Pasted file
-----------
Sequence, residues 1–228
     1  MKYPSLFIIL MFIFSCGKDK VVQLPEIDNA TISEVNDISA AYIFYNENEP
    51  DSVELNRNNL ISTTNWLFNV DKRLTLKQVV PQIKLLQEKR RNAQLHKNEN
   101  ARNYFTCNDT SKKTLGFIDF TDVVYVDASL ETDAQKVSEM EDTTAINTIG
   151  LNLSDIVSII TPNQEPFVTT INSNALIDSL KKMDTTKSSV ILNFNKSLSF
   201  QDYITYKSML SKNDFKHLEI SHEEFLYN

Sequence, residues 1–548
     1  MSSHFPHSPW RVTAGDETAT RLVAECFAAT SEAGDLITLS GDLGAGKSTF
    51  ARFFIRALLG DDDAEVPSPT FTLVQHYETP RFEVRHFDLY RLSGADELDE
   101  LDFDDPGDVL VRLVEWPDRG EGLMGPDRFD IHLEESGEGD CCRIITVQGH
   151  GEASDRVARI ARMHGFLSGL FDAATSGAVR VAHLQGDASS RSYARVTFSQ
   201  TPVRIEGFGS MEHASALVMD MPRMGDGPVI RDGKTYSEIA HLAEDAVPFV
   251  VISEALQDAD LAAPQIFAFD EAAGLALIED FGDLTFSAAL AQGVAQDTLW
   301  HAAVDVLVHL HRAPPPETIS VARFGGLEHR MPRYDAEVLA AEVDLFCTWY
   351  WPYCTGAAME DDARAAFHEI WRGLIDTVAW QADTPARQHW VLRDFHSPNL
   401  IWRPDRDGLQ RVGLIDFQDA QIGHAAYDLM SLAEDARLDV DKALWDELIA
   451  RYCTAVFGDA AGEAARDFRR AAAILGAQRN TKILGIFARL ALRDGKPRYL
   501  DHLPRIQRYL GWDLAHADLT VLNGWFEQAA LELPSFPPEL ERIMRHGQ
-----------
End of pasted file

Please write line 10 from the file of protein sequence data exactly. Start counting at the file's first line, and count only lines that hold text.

   101  LDFDDPGDVL VRLVEWPDRG EGLMGPDRFD IHLEESGEGD CCRIITVQGH